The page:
Usually I see the period of time from March 15 to June 16 as an inconvenience, a sort of ‘close season stopped play’. Whilst I cope well with the first few weeks – after all the novelty of fishing a stillwater carries me through for a while – eventually I find myself wishing the days away as June approaches. However, this year has been totally different. Rather than getting withdrawal symptoms from no river fishing, I have been getting great enjoyment from the gravel pit I’m currently tackling.
Of course it helps that it has been producing some nice fish, but it hasn’t been a case of simply turning up and catching – far from it. The number of fish to rod hours confirms my regular statement that it is a hard venue. It certainly is not the sort of place that I would recommend a beginner to fish, in that position you need to keep the float going under. And then as you serve your apprenticeship, if you feel the urge to move into specimen angling, you do so with a realistic approach.
Arriving at the venue for my 20th night since the rivers ended, I still had the same enthusiasm that I did way back in March when I did my first session. I think it’s important to remember that angling for the vast majority of us is not a way of earning money, it is something that we should be enjoying. For whatever the reason, I always find it sad when fellow fishermen confess that their love for the sport has diminished.
Sometimes they get disillusioned with the ‘scene’, other times distressed at the way they see angling going, or perhaps they have had bad experiences with others. That’s why I remain very focused, and being a lone angler enables me to do that, so that I am not affected by all the negative stuff that goes on. But before we think it is just angling that is tainted, it isn’t. Because the root problem is fallen human nature and not the actual fishing itself, you name it and it will have a dark side.
Because I lost my pet ferret recently, I had cause to visit a number of ferret forums. People think that they are nasty, vicious and aggressive. Well, many of them are. But that’s the owners by the way I’m referring to, not the animals. And I’m sure stamp collecting, train spotting and frisbee throwing devotees are just as bad, so don’t feel that it is a problem exclusive to angling. If you’re discouraged by what goes on, don’t give up; instead just withdraw from the ‘scene’ for a while if you must. But whatever you do, don’t let your enjoyment be spoiled by others.
I was fishing just before 4 pm, and although the day was warm, the sky was overcast and there was a gentle breeze producing a rippled surface, so conditions were not too bad. With the days now being quite long, although I had my first fish at 7.15 pm, it was far from dusk. It was a great fight, and from the off I knew it was a good tench. It covered some ground, doing everything that it could to resist capture, but with open water in front of me and no snags to be found, the odds were always very much in my favour.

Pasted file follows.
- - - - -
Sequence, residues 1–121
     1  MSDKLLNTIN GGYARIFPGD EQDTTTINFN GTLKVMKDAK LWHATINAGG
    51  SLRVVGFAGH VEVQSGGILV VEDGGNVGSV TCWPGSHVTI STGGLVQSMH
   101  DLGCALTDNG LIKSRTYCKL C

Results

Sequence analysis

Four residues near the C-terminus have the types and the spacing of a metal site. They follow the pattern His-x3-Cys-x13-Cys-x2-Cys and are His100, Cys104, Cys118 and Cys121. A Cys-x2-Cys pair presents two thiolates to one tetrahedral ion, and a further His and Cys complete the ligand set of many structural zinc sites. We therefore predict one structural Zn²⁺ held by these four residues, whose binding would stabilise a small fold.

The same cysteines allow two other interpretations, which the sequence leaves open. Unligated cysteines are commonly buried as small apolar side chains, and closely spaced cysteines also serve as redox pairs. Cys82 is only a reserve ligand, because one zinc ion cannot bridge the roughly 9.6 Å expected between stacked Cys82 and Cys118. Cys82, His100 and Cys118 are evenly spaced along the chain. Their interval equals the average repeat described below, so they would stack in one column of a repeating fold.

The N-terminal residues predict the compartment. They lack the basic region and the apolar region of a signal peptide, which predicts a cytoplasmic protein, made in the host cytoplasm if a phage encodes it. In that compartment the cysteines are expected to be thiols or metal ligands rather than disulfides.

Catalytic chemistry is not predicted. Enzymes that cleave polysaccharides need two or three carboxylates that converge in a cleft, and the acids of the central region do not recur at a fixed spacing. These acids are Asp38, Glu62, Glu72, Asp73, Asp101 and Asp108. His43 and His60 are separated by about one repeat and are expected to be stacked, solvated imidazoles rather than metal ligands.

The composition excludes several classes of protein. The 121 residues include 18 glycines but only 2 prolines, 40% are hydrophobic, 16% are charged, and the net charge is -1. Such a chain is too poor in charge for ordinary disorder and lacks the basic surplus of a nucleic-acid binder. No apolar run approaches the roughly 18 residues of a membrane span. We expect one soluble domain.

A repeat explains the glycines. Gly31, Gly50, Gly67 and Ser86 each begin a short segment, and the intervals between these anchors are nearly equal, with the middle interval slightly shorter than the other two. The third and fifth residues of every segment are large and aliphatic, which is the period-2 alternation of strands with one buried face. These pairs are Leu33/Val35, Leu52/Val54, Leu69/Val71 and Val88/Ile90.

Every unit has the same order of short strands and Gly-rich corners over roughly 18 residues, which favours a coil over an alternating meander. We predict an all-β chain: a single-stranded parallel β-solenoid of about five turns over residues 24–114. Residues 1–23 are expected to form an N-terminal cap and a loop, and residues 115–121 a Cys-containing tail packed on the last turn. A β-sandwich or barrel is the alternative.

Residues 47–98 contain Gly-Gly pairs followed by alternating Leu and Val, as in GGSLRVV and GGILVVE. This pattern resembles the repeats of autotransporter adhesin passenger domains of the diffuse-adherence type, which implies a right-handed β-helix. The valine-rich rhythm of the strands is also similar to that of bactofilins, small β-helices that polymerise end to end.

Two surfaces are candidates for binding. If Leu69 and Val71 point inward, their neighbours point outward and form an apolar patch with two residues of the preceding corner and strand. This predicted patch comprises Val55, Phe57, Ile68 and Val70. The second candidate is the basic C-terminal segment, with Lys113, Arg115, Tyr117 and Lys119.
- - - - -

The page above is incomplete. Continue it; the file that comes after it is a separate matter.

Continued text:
Weighing the fish, it was a fantastic feeling to see the dial register a colossal 9lb 12oz. I suppose that I could have been disappointed that I was just four ounces from a double figure tench, which would have been brilliant, but I didn’t see the glass as half-empty. Instead I was focused on the fact that I had caught a new personal best tench, and saw it for what it was rather than what it wasn’t. Even now, as I write the article, some time after the actual capture, I am still on a high. Only an angler will understand the way I feel, those who don’t fish will never fully grasp the pleasure that we get from spending hour after hour in pursuit of fish, then when we finally catch one, we weigh it, photograph it and return it back to its home.
I’ve been featured a couple of times in recent years by non-angling media, once on Radio Four’s Open Country programme and the other time by BBC’s Midlands Today. And on both occasions, as the presenters came to the river bank (they were barbel related interests) they found it intriguing as to the commitment I give in terms of time, money and effort, only to then put the fish back. But I embraced both situations as opportunities to talk about fish welfare and to promote the image of the caring angler.
I was certainly on a roll on the gravel pit, as within half-an-hour I was once more playing and netting an excellent tench. This one was just short of 9lb, taking the dial to 8lb 14oz. If you look at the accompanying photographs, this fish could be taken as the bigger of the two, when in fact it is 14oz lighter. That’s why we need to be careful when we criticise other anglers’ photographs and the declared weights. They say that the camera never lies and that may be true. But sometimes it can deceive. Mind you, some photographs are obviously nowhere near the accompanying weight, but that’s another story for another day…
As the day slowly edged out I took a third tench, this time just a baby at 6lb 4oz. And once the tench knocked off, the bream clocked on for their shift. A couple of early hours fish pushing 7lb and 8lb respectively saw me end the session still wanting more. And with the countdown to the rivers in single figures as far as days are concerned, I may have to review my original intention to say good-bye to the gravel pit. Not much of a problem really though is it? If all I’ve got to worry about is how I divide my fishing cake up between barbel, bream and tench, it’s hardly sleep-loss time!
(Originally published June 2007)